For many years I have been the crazy guy in the room. The one who thinks our war on drugs is epically idiotic and destructive. The one who dares to suggest that maybe we shouldn't make criminals out of drug users, and that prohibition has never worked anywhere, anytime in the entire known history of the world. The one who believes that our war on drugs, like all wars, is hardening our hearts and inuring us to ever increasing collateral damage.

But trying to penetrate the fear and ignorance underlying our misbegotten drug war has been a long, lonely and frustrating effort.

If you are a person of a certain age or a student of history, you know what I'm talking about. In the mid 1970's, following Richard Nixon's launch of a great drug war offensive (part of an odious, but effective, political strategy that conflated drugs and crime and race), there was a brief armistice under Jimmy Carter. As many states decriminalized marijuana possession, many drug policy reformers thought we were headed toward a more enlightened drug policy.

Then, thanks to Jimmy's malaise, and his punk economy and his Iran hostage debacle and his well-intentioned, but scandal-plagued drug czar, we ended up with Ronald Reagan. In a “Just Say No” frenzy, drug policy reform efforts were quickly quashed and banished to the fringes of political discourse. Then came the wilderness years, one after another, for decades.

Now, after all those deadening years of blind, moralistic fanaticism, there appear to be signs we may be emerging from the dark ages of drug war hysteria.

Have we turned the tide in the war on drugs?

Colorado and Washington have legalized marijuana (the first jurisdictions in the world ever to do so). Prominent leaders of several Central and South American countries have stood up to United States bullying and demanded discussion of alternatives to drug prohibition. A growing number of other foreign and domestic notables have also spoken out against failed prohibitionist strategies. And for the first time ever, a respected nationwide opinion poll has shown that the majority of Americans now favor the legalization of marijuana.

After all those years in the wilderness, these developments seem to auger a turning of the tide. These are heady, exciting times for anyone who supports drug policy reform. Hope is seductively winking at us. But here's a reality check from a jaded, old drug policy reformer:

  • We still spend over $50 billion every year fighting the war on drugs.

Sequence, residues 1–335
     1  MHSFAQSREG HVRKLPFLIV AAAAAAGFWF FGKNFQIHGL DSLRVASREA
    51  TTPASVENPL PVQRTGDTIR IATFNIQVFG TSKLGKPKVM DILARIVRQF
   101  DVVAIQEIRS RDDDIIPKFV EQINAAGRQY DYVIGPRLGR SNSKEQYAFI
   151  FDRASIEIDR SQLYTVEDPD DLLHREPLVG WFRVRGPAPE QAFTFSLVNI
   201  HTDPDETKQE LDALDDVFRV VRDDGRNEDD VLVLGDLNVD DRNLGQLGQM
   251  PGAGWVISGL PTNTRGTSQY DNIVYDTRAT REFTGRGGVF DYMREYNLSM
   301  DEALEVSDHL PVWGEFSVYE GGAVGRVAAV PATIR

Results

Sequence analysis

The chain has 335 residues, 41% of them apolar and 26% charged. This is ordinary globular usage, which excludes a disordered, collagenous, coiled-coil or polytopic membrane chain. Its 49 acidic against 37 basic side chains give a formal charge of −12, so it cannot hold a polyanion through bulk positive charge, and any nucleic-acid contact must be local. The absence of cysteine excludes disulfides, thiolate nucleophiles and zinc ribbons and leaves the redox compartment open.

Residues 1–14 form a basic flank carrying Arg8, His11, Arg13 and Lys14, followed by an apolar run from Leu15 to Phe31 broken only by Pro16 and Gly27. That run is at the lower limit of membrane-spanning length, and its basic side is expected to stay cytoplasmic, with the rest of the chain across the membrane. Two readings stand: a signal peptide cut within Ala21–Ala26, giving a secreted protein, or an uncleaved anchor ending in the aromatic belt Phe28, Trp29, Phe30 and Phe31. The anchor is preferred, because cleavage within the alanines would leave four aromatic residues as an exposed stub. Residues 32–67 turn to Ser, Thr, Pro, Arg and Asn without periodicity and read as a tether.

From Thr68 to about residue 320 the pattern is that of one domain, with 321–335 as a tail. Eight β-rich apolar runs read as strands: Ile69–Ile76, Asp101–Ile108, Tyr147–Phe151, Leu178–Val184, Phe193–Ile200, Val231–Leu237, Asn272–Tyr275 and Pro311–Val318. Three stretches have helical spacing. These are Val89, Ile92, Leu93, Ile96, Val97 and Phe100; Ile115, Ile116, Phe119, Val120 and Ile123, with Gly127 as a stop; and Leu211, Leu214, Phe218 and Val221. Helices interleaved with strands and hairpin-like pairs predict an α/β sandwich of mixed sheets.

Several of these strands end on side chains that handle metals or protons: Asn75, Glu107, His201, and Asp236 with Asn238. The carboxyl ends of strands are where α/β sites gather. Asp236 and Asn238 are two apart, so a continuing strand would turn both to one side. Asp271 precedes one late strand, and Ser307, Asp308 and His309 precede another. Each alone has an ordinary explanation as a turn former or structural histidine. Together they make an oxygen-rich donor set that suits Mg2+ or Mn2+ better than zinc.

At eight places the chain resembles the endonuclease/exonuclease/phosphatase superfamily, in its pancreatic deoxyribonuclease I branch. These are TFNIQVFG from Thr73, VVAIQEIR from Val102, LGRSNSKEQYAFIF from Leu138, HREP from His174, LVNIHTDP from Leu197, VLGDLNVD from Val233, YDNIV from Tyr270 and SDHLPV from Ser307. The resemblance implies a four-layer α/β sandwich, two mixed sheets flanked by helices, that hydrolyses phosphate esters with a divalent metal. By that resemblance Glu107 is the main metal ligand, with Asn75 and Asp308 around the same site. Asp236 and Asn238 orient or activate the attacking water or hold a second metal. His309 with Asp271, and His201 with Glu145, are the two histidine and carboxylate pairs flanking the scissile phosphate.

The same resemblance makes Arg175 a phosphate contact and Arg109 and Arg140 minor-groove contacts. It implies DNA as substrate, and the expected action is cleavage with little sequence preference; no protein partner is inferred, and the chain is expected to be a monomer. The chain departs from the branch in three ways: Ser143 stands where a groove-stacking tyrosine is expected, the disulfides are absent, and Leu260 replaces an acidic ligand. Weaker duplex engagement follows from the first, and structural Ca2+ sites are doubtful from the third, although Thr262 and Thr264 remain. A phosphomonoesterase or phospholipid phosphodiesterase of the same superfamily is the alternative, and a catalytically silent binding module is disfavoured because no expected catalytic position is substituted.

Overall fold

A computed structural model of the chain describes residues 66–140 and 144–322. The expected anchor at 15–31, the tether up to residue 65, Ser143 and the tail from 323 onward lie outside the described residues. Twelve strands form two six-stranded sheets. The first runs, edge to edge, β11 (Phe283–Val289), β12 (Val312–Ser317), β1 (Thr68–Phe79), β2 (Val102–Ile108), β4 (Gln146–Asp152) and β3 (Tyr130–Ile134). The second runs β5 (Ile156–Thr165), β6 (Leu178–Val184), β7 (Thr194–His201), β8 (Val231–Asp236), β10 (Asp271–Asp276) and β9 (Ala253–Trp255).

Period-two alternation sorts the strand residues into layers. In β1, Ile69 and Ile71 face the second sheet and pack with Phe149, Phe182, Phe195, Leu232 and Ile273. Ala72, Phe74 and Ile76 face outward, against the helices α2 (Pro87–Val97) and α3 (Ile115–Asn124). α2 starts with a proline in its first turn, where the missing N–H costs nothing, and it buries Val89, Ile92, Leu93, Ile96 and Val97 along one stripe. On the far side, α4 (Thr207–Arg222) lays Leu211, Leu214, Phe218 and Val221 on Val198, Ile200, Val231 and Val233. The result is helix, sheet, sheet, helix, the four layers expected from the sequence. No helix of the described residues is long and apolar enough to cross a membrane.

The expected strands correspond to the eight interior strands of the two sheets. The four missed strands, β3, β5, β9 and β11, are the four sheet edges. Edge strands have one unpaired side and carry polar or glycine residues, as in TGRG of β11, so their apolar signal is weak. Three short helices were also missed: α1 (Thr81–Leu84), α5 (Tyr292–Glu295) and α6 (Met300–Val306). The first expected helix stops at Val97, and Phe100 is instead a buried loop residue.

• We still have the highest incarceration rate in the world (25% of all the prisoners on the planet are confined in U.S. Prisons), largely because of the drug war.
  • Two-thirds of our prisoners are black or Hispanic, giving our drug war gulag a distinctly Jim Crow feel.
  • Over 30,000 people still die in the U.S. every year from a drug overdose (many because their friends are too scared of being arrested to call for help and because use of the anti-overdose drug Naloxone is unduly restricted).
  • The U.S. Supreme Court is still mortgaging our Bill of Rights to pay for the war on drugs.
  • The DEA is still harassing and spying on every pain doctor in America.
  • Millions of people are still being denied public housing, school loans and even gainful employment because of minor drug law infractions.
  • Our increasingly militarized police are still routinely using SWAT teams to execute search warrants for drug crimes, terrorizing and sometimes accidentally killing innocent people and making many neighborhoods of our major cities seem like zones of occupation; and
  • International travelers arriving in America can still be detained, strip-searched and even forced to defecate within view of border guards, if they are deemed to fit the profile of someone who may be transporting illegal drugs in their alimentary canal.

Try telling the people affected by all of this that a new day is dawning. Maybe it is. I want to hope that it is. But I know this — our nation's drug warriors will not surrender without a fight. The livelihoods of millions depend on this oppressive war. Police, prosecutors, prison guards, drug testers, private prison owners and the legions of suppliers and bureaucrats who provide material, logistical and administrative support all have a vested financial interest in perpetuating drug prohibition.

Most of these people have convinced themselves they're providing a great public service. Many of them are die-hard drug war jihadists. Together, they comprise a powerful, motivated Grand Army of the Drug War that can only be defeated by an overwhelming public outcry for reform.

So for now, I'll just be grateful that I'm less often seen as the crazy guy in the room. People are starting to listen, really listen, to what I and other reformers have to say. And they are starting, step by cautious step, to think for themselves and to question our government's tired old drug war dogma.

Still, many remain skeptical of reform, and who can blame them? They've been fed so much drug war propaganda, they've been lied to and manipulated for so long and in so many ways it's hard for them to recognize that the whole prohibitionist crusade is just a sinkhole of folly.

As I prepare for the 2013 International Drug Policy Reform Conference in Denver, remembering the dashed hopes of the 70's, I offer this thought to my fellow reformers: Once again our body politic is giving birth to truth. As with every birth, there will be pain. The labor will likely be long, hard and exhausting. The infant will be vulnerable and will take years to grow and thrive. This time, we must be ever watchful to ensure that the truth, our precious truth, is not smothered in its crib.

Mike Uth is a member of the Board of Directors of the ACLU of Ohio. He has a long-standing interest in drug policy reform.